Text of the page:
The Hash index can be used only if the equality condition = is being used in the query. 

 

Example

Create the Hash index on the table “public.Track” using HASH for column “Name”:

index_demo_=# create index "Track_Name_idx" on public."Track" using HASH ("Name");

CREATE INDEX

index_demo_=# \d+ public."Track"

                                           Table "public.Track"

Column |      Type      | Collation | Nullable | Default | Storage  | Stats target | Description

--------------+------------------------+-----------+----------+---------+----------+--------------+-------------

 TrackId  | integer            |       | not null |     | plain |          |

 Name     | character varying(200) |       | not null |     | extended |          |

 AlbumId  | integer            |       |      |     | plain |          |

 MediaTypeId  | integer            |       | not null |     | plain |          |

 GenreId  | integer            |       |      |     | plain |          |

 Composer | character varying(220) |       |      |     | extended |          |

 Milliseconds | integer            |       | not null |     | plain |          |

 Bytes    | integer            |       |      |     | plain |          |

 UnitPrice | numeric(10,2)      |       | not null |     | main |          |

Indexes:

"PK_Track" PRIMARY KEY, btree ("TrackId")

"Track_Name_idx" hash ("Name")

 

Select data by using the equality condition, the optimizer will use the Hash index here:

index_demo_=# explain (analyze,verbose)  select * from public."Track" where "Name"='Princess of the Dawn';

                                                    QUERY PLAN                                                    

-------------------------------------------------------------------------------------------------------------------------

 Bitmap Heap Scan on public."Track"  (cost=4.01..8.02 rows=1 width=71) (actual time=0.023..0.023 rows=1 loops=1)

   Output: "TrackId", "Name", "AlbumId", "MediaTypeId", "GenreId", "Composer", "Milliseconds", "Bytes", "UnitPrice"

   Recheck Cond: (("Track"."Name")::text = 'Princess of the Dawn'::text)

   Heap Blocks: exact=1

   ->  Bitmap Index Scan on "Track_Name_idx"  (cost=0.00..4.01 rows=1 width=0) (actual time=0.009..0.009 rows=1 loops=1)

      Index Cond: (("Track"."Name")::text = 'Princess of the Dawn'::text)

 Planning time: 0.272 ms

 Execution time: 0.115 ms

(8 rows)



index_demo_=#

 

3. GiST index (Generalized Search Tree index) 

GiST stands for Generalized Search Tree Index. The main point of GiST is to be able to index queries that simply are not indexable using B-tree. So GiST is useful when you have queries that are not btree-indexable. The column can be of tsvector or tsquery type.

There is a well-known, and pretty fast, geographic extension to PostgreSQL — PostGIS, which uses GiST for its purposes. GiST indexes are what is used if you want to speed up full text searches.

As per the Postgres Documentation, “the GiST indexes are lossy to an extent, it means that you have to deal with false positive and negative and need to check the table rows to eliminate false matches.(PostgreSQL does this automatically when needed.)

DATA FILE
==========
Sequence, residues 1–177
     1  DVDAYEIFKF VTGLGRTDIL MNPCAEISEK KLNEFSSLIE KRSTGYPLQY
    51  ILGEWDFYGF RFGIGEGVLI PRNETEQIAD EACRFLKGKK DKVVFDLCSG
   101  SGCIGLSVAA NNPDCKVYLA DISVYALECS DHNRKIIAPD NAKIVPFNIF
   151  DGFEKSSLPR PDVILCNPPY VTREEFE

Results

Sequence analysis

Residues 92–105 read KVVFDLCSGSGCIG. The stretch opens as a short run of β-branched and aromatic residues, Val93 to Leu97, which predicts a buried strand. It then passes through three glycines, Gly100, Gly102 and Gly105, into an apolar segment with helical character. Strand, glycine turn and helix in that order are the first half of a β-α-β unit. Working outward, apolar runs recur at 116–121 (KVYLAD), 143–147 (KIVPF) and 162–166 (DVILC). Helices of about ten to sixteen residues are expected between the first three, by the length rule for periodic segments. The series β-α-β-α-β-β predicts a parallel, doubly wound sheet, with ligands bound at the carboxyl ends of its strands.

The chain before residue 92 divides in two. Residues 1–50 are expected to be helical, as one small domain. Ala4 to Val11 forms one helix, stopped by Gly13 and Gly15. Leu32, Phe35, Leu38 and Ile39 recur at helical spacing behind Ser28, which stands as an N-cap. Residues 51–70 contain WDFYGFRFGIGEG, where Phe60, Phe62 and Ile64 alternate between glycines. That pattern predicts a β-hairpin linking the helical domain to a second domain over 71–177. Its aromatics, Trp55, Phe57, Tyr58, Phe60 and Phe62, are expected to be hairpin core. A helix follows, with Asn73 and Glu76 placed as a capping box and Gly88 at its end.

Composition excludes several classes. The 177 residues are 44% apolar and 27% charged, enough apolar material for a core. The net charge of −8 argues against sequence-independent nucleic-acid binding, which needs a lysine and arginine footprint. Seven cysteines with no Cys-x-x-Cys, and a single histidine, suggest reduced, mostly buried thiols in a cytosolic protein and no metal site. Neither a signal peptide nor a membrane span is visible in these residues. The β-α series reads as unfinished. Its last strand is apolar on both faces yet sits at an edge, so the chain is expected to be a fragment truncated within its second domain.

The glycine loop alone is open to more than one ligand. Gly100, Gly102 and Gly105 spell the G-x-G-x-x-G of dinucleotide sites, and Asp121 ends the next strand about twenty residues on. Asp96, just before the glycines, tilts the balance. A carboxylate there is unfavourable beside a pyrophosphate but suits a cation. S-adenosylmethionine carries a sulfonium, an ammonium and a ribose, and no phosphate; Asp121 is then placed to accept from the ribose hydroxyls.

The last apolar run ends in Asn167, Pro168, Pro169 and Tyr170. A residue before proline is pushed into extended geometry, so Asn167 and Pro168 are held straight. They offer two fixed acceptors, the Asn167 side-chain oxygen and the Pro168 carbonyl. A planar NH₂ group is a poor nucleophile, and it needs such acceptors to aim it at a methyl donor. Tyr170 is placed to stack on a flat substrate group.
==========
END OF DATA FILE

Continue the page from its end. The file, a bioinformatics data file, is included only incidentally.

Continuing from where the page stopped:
GiST indexes are lossy because each document is represented in the index by a fixed-length signature. The signature is generated by hashing each word into a single bit in an n-bit string, with all these bits OR-ed together to produce an n-bit document signature. When two words hash to the same bit position there will be a false match. If all the words in the query have matches (real or false) then the table row must be retrieved to see if the match is correct.”

 

Example 

Create a table with some geographical data points such as circle or point and index it using GiST:

index_demo_=# create table geo_point(circle_details  circle);

CREATE TABLE

index_demo_=# create index ON geo_point using gist(circle_details);

CREATE INDEX

index_demo_=# \d+ geo_point

                                 Table "public.geo_point"

  Column |  Type  | Collation | Nullable | Default | Storage | Stats target | Description

----------------+--------+-----------+----------+---------+---------+--------------+-------------

 circle_details | circle |       |      |     | plain   |          |

Indexes:

"geo_point_circle_details_idx" gist (circle_details)



index_demo_=#

 

Insert a few dummy records:

index_demo_=# select * from geo_point ;

 circle_details

----------------

 <(1,1),5>

 <(2,2),6>

 <(3,3),7>

 <(4,4),8>

 <(5,5),9>

 <(6,6),10>

 <(7,7),9>

 <(11,10),10>

 <(1,10),10>

 <(9,9),9>

 <(12,12),12>

(11 rows)

 

Select data:

index_demo_=# explain analyze verbose select * from geo_point where circle_details <@ circle '((7,7),9)';

                                 QUERY PLAN                                                          

-----------------------------------------------------------------------------------------------------------

 Bitmap Heap Scan on public.geo_point  (cost=4.14..8.15 rows=1 width=24) (actual time=0.060..0.060 rows=1 loops=1)

   Output: circle_details

   Recheck Cond: (geo_point.circle_details <@ '<(7,7),9>'::circle)

   Rows Removed by Index Recheck: 10

   Heap Blocks: exact=1

   ->  Bitmap Index Scan on geo_point_circle_details_idx  (cost=0.00..4.14 rows=1 width=0) (actual time=0.041..0.041 rows=11 loops=1)

      Index Cond: (geo_point.circle_details <@ '<(7,7),9>'::circle)

 Planning time: 0.061 ms

 Execution time: 0.095 ms

(9 rows)



index_demo_=#

 

4. SP-GiST (Space-Partitioned GiST)

SP-GiST stands for “space-partitioned GiST.” This index type supports non-balanced data structures such as quadtrees, k-d trees, and radix trees.

See the PostgreSQL documentation for the built-in operator classes supported by core PostgreSQL distribution: https://www.postgresql.org/docs/12/spgist-builtin-opclasses.html.